Council prepares for difficult year

Published on 8th December 2015

White piggy bank with black flower design

Councillors will be discussing the draft budget report when it goes to cabinet on 15 December 2015.

If approved, the spending proposals for 2016/17 will go out to a 5 week public consultation before the final budget goes to full council on 12 February 2016.

The council is preparing for a financially difficult year, against a background of declining government funding for local councils and rising costs.

• Its draft budget for 2016/17 identifies £738,000 of efficiency savings in the coming year and there are plans to save a further £657,000 a year over the following three years by sharing more of its services with neighbouring councils.

• For the first time since 2010 there will also be a small increase in the borough council’s share of council tax. The increase of just under 2 per cent will take the borough element of council tax up to £190.84 for the average Band D taxpayer, an increase of £3.72 a year.

• However, car park charges will be frozen for a sixth year running and there will also be no increase in garden waste charges.

• There will also be no cuts in front-line services.

Councillor John Rawson, cabinet member for finance said: “Since we last increased council tax, inflation has increased by about 13 per cent. Our government core funding (revenue support grant and business rates income) has been cut by almost half, from £8.8 million to £4.6 million a year. According to the Chancellor’s recent announcement, our grant funding will fall again in the coming year, with further reductions in the following three years.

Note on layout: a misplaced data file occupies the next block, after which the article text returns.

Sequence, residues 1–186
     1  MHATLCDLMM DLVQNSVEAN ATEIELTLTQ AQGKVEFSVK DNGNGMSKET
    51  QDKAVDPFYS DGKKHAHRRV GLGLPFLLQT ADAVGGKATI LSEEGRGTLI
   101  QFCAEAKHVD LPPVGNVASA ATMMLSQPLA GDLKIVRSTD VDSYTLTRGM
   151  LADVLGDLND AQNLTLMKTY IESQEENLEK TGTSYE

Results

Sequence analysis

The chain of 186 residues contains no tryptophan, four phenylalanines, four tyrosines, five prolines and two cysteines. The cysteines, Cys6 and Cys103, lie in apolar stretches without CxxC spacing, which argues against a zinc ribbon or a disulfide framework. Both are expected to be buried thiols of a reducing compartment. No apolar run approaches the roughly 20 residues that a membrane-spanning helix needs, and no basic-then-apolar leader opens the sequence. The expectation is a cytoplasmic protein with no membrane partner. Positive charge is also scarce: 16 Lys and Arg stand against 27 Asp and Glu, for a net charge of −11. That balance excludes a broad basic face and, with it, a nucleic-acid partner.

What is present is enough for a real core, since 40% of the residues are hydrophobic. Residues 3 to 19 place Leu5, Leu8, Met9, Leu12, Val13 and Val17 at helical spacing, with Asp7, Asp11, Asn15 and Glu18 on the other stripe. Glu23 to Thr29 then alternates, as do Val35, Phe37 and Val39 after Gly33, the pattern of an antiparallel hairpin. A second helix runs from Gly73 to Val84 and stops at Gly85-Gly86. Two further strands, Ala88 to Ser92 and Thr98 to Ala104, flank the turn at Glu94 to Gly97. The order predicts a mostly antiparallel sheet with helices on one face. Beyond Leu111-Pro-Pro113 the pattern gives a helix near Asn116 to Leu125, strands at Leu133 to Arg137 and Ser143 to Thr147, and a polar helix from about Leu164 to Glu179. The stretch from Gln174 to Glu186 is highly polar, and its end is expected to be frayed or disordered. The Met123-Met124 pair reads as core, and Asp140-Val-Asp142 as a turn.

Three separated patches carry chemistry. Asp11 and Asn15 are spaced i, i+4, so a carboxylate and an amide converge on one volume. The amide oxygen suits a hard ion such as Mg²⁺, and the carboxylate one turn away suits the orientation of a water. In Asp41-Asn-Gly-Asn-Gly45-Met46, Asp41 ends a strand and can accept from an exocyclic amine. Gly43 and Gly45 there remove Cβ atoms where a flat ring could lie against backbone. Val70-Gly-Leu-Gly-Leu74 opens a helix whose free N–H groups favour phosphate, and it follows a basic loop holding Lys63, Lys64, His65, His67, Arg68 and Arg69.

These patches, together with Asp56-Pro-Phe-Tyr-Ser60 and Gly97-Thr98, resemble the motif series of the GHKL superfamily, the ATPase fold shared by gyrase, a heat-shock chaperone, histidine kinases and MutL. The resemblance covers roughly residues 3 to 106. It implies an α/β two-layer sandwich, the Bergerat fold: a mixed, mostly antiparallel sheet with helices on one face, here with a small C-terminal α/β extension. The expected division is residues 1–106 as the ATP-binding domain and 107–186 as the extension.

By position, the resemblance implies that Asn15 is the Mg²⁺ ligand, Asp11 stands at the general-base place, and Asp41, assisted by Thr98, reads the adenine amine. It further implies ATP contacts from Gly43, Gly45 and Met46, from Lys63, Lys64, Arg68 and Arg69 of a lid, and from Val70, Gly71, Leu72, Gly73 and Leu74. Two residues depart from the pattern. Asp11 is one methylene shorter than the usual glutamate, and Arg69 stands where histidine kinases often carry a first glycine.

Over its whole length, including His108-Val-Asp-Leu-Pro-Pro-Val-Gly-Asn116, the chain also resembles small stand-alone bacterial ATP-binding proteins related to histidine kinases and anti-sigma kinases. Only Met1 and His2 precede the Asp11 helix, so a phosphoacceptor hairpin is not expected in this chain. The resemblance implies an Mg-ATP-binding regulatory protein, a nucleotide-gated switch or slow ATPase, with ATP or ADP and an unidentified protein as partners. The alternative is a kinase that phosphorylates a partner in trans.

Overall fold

“We also face a short-term problem in the coming year, because a number of sites that are being redeveloped will not be paying business rates.  This will put itself right in due course and bring very valuable benefits to the town in the longer term, but we estimate that it will reduce our business rates income next year by about £285,000.”

“In response to these challenges, we have worked tirelessly to cut costs and make savings in this budget. However, we have reached the point where continuing to freeze council tax will threaten the local services that people value. Our overriding responsibility has to be to protect local services, even if it means a modest increase in council tax.”

Councillor Rawson adds that there will be very little room for growth in spending in the coming year. However, he says, there will be progress in a number of directions.

“We will be pressing ahead with some major projects, such as the plans for a new and improved crematorium and the new state-of-the-art children’s play area in Pittville Park. We will be investing £600,000 in repairing and maintaining council buildings, including the Town Hall and Pump Room.  We will also be continuing with our popular and highly effective community pride scheme of grants to community groups who want to improve their own communities.

“We are also setting aside some money to strengthen the planning service and support the creation of a Business Improvement District in the town centre, both of which will help the growth of our local economy. The government has promised that councils will gain a bigger share of business rates income over the coming years, which is one more reason why we want to do all we can to boost economic growth.”

Public consultation:

There will be a five week period of consultation on the draft budget, starting on 16 December 2015 and closing on 20 January 2016.  A questionnaire will be on the council’s website at  during that period and will be available as paper copies at the Municipal Offices and other council premises. A residents’ forum will also be held in the Pittville Room at the Municipal Offices on Thursday 14 January at 7pm. 

Public comments will be taken into account by the cabinet when putting forward their final budget proposals, which will come to the full council for approval on Friday 12 February 2016.



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